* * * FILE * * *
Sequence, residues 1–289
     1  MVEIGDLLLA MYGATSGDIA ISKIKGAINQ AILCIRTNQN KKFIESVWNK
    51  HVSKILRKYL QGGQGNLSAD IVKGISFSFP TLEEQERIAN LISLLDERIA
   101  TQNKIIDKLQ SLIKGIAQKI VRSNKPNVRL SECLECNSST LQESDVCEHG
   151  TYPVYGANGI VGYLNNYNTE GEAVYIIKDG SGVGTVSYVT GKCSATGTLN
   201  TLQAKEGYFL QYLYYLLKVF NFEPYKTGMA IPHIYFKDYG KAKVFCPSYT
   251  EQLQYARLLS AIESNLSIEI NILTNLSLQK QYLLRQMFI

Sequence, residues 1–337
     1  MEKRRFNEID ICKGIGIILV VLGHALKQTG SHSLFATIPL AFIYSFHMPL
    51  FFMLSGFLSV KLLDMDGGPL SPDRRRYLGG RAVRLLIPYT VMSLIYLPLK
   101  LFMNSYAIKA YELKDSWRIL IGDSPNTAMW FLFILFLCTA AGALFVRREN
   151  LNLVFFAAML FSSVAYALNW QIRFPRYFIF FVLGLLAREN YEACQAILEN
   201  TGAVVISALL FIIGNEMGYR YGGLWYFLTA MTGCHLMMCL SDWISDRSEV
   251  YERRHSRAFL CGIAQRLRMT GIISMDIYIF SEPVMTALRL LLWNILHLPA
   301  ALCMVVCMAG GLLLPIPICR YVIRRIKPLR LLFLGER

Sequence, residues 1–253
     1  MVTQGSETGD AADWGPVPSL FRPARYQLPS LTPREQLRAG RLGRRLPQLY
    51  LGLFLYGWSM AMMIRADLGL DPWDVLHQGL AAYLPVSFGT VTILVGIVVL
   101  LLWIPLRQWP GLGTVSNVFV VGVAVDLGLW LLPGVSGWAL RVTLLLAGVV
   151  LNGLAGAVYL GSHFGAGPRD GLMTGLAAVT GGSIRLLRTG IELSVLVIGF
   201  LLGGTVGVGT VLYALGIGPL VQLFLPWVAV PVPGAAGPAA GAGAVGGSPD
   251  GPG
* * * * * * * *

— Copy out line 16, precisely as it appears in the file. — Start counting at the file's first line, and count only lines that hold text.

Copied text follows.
Sequence, residues 1–253